As humans we have a strange way of dealing with our dearly departed. I have recently lost my grandfather.
Admittedly he was a distant figure in my childhood just occupying a space on the chair when my grandparents would visit. He’d sit there in silence – perhaps because he was losing his hearing when I became aware of the world – and our conversations would start and end in the semi-formal greeting and goodbye wish. He was the strong silent type offering few words as sustenance for us grandchildren to grow. I do however remember when
I turned 13 he told me I’d better ‘pull my socks up’. Heavens knows what that meant, perhaps that I grow up, become a man, move away from home or all of the above. He after all was a boarding school child of the 1920s socks may have been the entire craze back then.
A man of few words. That’s all I could remember, and I’m fine with that.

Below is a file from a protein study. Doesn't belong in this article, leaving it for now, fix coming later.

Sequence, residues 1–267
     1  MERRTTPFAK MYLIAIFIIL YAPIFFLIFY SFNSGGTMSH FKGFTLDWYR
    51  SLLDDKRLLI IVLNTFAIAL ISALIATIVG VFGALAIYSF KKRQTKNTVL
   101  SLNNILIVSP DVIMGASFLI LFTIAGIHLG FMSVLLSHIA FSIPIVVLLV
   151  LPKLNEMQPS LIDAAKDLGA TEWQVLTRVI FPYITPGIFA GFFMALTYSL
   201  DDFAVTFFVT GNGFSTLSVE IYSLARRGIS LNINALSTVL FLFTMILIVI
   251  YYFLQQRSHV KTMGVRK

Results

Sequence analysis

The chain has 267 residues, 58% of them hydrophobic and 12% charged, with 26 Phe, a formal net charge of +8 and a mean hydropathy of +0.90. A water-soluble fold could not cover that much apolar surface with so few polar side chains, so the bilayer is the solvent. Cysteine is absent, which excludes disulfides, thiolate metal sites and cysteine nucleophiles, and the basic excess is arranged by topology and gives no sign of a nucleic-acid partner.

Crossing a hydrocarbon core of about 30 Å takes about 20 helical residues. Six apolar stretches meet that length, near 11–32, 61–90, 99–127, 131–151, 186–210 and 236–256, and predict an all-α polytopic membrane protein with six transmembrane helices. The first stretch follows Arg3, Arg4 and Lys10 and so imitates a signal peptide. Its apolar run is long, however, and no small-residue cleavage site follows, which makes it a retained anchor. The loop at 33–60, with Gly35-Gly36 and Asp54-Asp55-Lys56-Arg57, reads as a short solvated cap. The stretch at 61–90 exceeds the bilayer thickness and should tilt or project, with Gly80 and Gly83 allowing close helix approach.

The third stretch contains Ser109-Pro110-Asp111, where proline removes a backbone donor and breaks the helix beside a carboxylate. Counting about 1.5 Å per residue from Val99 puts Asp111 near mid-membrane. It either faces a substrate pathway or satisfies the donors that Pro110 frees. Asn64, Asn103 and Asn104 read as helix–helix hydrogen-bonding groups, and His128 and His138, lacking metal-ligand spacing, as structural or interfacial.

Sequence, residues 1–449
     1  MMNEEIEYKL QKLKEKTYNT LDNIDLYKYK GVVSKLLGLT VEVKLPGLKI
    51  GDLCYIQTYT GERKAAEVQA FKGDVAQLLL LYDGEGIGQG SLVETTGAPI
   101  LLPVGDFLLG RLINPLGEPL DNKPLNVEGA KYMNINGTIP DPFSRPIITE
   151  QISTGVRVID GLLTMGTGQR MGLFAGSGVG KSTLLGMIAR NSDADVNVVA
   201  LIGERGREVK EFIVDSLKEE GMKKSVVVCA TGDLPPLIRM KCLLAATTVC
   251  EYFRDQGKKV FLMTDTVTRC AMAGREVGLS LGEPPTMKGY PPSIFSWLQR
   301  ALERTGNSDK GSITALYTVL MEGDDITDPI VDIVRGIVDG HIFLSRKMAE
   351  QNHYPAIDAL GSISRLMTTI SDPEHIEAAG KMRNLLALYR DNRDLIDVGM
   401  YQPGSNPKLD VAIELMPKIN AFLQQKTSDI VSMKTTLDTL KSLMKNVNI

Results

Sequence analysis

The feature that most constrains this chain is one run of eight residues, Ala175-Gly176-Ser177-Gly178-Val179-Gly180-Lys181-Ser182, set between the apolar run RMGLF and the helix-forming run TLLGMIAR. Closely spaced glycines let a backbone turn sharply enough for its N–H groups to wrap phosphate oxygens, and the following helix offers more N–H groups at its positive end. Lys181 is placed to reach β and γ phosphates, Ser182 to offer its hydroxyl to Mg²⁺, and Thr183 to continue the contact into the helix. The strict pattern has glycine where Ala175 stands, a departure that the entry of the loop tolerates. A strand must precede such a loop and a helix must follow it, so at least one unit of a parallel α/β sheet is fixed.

Because the conditions of his passing were quite sudden, I really didn’t have a chance to see him alive. And I say really. I was at work; I could have left if I wanted to. But I chose to stay. I chose to go straight home, relax and lightly meditate and say my passing in spirit. Sometimes situations call for different recourse. Watching my grandfather choke on his last blood clogged breath is not what I would like as my parting memory. Ignorance sometimes is bliss.
Did I cry at the casket viewing? No. I doubt I’ll cry tomorrow at the funeral.
Why not? I didn’t see the situation as sad. He’s a man that had a full life. Survived the depression, WW2 and numerous other curve balls life occasionally throws at you. He was 89.
But what makes me sad is watching other people cry and wail at ones coffin. Watching family members reduced to blubbering messes. I feel sad for them being sad, whilst I stand stone faced starting at grey husk of a former human. I stand there with the awkward confusion of trying to make sense of what it is I'm actually feeling. My grandfather is gone – sure I’ll miss who he is, but I know the essence of who he is endures beyond this physical plane – whether that’s in the land of Jesus or not is up for debate.
I have never really understood the process in which we say goodbye to our most dearest. I guess we all deal with grief in our own special way.